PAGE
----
Sunday, December 27, 2009

Bibs Again: Bigger than Ever

So the child is growing and the bibs are staying the same size. With the mess level at meals staying pretty much the same (we did Baby-Led Weaning , so we pretty much sit him down and let him have at it~ still), we needed a better solution to the shrinking bibs.

To make bigger bibs, I took View A of the New Conceptions Pattern that I liked so much originally and printed it at 110% and added two inches to the length. I also made the pockets taller and made a couple of them at an angle for no other reason than style~ I think they look a little Art Deco.

I made eight for our rotation this time, and used my snap press for the closure. I made them all using PUL with FOE.

After using them, I think the length could have been kept at 110% of the pattern, or maybe only one inch longer, but maybe they will be better as he keeps getting bigger. I still think the pocket on the bib is essential for keeping the mess slightly contained.
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Pattern Review: Habitual Kimono

What a fabulous kimono pattern and great instructions! Actually, it is all instructions and you have to take the instructions and draft your own pattern from them but it is so well-explained that it is as if there is a pattern there. Really.

I found a few kimono patterns online. The one from Martha Stewart turned out so badly that it's not worth my time to review it-- that's how much I hated it and found it confusing and illogical and badly marked and won't try any of her other sewing tutorials.

This one is from Habitual and can be found here. It is sized from newborn to 8 years old. This is done with a chart and drawing that is very clear. It gives the suggestion to make the pattern out of muslin instead of paper, which is clever (I, of course, opted for paper anyway). If I would cut the pattern again, I would have only drawn and cut half of the back and made a note to place it on the fold, instead of just folding the paper and cutting the cloth on the fold.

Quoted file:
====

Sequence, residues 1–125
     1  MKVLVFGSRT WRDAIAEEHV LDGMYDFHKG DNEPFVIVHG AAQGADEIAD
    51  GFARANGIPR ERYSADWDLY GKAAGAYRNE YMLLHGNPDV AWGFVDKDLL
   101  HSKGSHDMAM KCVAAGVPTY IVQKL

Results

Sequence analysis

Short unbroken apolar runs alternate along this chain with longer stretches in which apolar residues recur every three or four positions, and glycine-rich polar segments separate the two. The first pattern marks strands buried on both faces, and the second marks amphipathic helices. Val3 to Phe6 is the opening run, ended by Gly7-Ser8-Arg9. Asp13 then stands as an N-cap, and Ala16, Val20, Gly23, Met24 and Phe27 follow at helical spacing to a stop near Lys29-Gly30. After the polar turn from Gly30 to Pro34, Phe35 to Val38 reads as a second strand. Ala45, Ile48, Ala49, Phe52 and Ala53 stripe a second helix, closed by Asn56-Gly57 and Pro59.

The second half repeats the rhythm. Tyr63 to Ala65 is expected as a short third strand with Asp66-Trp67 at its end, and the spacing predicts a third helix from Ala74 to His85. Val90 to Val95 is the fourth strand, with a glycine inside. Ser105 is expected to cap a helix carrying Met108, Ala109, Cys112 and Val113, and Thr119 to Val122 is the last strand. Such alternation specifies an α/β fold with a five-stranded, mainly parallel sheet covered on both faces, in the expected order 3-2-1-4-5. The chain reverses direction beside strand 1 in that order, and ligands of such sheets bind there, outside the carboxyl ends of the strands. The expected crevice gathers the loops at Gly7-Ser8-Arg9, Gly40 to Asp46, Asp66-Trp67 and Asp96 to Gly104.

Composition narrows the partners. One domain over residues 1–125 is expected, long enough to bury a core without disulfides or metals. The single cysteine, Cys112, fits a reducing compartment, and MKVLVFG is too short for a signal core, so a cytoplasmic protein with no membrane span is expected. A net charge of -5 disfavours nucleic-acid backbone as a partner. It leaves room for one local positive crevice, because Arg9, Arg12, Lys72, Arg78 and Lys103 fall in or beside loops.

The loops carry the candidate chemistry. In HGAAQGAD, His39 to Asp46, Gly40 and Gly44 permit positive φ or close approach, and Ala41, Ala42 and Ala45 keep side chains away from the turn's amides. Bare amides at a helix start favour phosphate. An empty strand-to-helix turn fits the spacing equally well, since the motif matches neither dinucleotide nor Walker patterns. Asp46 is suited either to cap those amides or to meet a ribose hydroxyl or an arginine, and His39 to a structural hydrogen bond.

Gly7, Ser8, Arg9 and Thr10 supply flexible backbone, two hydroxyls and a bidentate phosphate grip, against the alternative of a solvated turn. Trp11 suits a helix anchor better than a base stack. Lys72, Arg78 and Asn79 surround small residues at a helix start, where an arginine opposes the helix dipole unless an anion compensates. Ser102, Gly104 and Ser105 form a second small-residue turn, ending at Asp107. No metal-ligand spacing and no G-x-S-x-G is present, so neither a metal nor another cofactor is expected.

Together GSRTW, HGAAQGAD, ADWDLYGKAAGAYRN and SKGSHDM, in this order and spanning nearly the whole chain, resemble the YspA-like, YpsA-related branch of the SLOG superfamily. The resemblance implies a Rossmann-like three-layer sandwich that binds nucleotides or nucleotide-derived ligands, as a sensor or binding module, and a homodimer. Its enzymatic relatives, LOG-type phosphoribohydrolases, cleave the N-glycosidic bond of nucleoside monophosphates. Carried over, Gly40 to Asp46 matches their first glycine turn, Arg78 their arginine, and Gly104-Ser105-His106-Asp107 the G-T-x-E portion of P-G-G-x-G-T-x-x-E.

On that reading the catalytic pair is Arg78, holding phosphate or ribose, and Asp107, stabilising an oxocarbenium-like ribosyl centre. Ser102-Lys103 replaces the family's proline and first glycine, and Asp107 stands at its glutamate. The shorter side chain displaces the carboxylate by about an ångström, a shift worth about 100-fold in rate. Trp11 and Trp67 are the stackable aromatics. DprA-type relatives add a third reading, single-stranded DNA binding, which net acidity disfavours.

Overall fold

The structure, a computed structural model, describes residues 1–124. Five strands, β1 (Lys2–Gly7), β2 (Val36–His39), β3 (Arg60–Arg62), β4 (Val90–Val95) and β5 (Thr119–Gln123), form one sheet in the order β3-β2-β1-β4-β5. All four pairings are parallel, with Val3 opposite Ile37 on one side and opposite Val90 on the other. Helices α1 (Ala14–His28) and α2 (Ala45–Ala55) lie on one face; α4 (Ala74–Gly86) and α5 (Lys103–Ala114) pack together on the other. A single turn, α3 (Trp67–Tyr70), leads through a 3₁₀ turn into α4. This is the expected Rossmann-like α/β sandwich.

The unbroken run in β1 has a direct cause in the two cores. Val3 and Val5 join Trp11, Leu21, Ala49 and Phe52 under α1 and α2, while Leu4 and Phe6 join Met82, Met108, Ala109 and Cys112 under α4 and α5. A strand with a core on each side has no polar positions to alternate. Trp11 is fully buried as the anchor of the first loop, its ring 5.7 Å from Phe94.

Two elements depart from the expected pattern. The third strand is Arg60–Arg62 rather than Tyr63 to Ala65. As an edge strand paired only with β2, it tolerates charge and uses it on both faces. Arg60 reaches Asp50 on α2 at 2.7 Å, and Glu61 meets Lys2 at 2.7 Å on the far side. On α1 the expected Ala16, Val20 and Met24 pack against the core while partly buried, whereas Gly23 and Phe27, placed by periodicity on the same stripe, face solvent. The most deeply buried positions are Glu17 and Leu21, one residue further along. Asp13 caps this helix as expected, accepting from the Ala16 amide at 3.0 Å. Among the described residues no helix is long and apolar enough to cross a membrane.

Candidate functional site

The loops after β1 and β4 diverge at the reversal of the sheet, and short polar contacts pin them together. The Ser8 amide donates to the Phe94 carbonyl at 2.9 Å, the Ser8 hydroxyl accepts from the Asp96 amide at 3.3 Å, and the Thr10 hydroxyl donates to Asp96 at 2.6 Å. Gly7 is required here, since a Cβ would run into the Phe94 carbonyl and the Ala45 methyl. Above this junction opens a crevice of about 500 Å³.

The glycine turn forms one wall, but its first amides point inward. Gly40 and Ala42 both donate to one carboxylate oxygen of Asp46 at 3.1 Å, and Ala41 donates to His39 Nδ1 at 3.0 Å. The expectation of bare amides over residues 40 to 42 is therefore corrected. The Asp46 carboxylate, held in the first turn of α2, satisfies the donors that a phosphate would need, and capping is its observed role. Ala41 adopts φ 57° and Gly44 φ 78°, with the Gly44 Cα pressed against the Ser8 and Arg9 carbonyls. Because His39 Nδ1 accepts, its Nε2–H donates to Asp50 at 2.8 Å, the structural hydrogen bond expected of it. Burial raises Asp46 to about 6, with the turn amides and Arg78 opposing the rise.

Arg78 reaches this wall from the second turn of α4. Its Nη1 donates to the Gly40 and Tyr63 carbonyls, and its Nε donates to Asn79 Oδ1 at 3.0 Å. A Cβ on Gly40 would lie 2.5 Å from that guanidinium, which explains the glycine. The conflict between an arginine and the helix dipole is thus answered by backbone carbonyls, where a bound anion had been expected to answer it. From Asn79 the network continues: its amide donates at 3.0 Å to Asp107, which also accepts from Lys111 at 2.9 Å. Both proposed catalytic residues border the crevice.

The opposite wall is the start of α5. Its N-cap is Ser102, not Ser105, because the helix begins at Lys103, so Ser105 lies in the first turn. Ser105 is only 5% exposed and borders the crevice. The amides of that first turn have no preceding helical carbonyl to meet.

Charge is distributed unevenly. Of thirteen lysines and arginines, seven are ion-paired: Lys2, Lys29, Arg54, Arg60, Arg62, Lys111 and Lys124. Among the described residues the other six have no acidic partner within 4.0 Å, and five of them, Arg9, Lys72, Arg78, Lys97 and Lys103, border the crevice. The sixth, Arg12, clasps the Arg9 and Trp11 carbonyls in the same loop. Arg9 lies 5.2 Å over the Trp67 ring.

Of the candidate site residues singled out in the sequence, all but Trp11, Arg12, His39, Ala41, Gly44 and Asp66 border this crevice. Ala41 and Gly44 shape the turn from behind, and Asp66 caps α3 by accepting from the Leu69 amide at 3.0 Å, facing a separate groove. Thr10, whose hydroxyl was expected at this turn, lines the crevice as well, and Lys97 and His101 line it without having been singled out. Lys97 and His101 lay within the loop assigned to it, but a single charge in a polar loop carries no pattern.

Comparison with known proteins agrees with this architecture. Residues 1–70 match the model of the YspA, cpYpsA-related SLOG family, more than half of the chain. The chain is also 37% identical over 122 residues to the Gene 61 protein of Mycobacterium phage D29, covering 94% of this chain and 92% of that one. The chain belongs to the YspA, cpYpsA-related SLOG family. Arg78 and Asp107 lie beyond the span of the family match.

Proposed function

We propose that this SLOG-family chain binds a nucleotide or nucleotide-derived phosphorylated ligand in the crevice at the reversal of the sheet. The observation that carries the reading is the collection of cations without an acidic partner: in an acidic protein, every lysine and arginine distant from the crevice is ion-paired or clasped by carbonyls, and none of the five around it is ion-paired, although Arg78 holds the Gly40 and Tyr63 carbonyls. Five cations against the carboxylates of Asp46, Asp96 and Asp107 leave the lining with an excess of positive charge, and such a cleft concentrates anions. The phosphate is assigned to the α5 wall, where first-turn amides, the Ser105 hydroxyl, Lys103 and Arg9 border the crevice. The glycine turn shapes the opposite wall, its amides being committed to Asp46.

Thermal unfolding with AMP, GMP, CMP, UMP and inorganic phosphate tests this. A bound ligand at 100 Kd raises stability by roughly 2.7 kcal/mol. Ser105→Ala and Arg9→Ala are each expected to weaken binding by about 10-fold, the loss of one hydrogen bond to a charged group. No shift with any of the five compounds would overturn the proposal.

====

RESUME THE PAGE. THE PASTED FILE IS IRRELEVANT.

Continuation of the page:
When making the kimono, the directions are straightforward and clear. The only one I struggled with was the interior tie on my first pass at the kimono. I didn't realize that this was a two-tie shirt, with one tie visible and the other on the inside. When the directions said to put a piece of the tie on the inside seam allowance, it took me a bit of thinking to figure out that they meant for me to put it in the seam allowance and face the tie inwards.

I made this pattern twice before it occurred to me that my toddler is a bit old for a kimono, and he looks fine in a t-shirt or vest and is okay with things being pulled over his head.

The first one I made using some fleece I don't love (I bought it in the remnant bin and didn't see the whole pattern). I was so scarred from the Martha Stewart kimono experience that I didn't want to waste any good fleece. I made it out of fleece because I was hoping to be able to use it at night if the little guy has a big miss and his shirt is wet and I need to take it off. I thought it would be a good idea to minimize pulling things over his head when he is sleeping. He has since not had a big miss, and it has been too cold to sleep him in anything short-sleeved. I have used it a few times as a vest and it is ok. The fit is nice, but I am not sure if the style is what I am looking for. Also, I thought tying the inner bow was awkward, so I moved it to the other side in my next attempt at the pattern. Also, I used FOE instead of making binding, and the tie is elastic, of course, so it doesn't hold great.

The second time I made this kimono, I made it out of a hard cotton weave with terry on the inside. I actually made the binding for this one, and also used a cotton woven for the binding. I was lazy and did not iron the binding, and it would have been a bit thinner and tidier had I followed that direction. I changed the side of the tie on this one, and it is better. I thought it would made a fun bathrobe and may use it after swim class in the winter between class and the locker room, or after bath. The problem with using it after bath is that you need to change the baby twice instead of just once (and who wants to do that with an active toddler??). I had considered making it reversible, and hiding the inner seams, but decided against that because I think you'd always want the terry against the skin if you were using this one. I also modified the pattern to make it long-sleeved. On the arms, I cut the terry pieces an inch longer than the cotton pieces so they could be seen when hemmed.